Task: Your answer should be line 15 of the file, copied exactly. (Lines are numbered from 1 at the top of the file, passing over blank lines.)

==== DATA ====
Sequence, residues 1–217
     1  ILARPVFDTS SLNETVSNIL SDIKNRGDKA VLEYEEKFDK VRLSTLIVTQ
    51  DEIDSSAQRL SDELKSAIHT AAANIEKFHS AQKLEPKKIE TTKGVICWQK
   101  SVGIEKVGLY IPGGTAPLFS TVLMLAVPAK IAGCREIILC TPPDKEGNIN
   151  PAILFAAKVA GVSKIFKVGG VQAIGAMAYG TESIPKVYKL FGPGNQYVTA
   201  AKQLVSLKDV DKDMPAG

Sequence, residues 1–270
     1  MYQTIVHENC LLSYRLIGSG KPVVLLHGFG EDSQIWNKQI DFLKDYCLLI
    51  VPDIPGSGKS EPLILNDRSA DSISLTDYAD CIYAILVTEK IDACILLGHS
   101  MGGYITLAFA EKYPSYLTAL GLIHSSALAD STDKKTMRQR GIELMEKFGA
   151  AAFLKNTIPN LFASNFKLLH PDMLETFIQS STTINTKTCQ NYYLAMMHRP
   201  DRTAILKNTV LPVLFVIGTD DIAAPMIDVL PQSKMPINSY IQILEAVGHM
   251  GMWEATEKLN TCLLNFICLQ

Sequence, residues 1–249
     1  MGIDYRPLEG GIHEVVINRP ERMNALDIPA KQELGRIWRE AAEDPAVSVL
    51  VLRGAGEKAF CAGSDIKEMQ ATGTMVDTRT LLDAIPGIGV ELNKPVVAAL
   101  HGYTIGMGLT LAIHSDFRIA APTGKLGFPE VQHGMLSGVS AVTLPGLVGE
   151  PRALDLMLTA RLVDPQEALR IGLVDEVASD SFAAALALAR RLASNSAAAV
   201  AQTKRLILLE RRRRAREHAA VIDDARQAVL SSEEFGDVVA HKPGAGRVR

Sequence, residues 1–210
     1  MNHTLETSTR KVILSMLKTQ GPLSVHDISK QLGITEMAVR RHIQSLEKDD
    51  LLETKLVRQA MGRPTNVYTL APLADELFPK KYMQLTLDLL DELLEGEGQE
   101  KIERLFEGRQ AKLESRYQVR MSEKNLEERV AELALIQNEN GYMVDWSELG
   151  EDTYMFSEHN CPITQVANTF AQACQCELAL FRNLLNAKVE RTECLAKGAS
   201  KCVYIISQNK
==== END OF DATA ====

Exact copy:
     1  MGIDYRPLEG GIHEVVINRP ERMNALDIPA KQELGRIWRE AAEDPAVSVL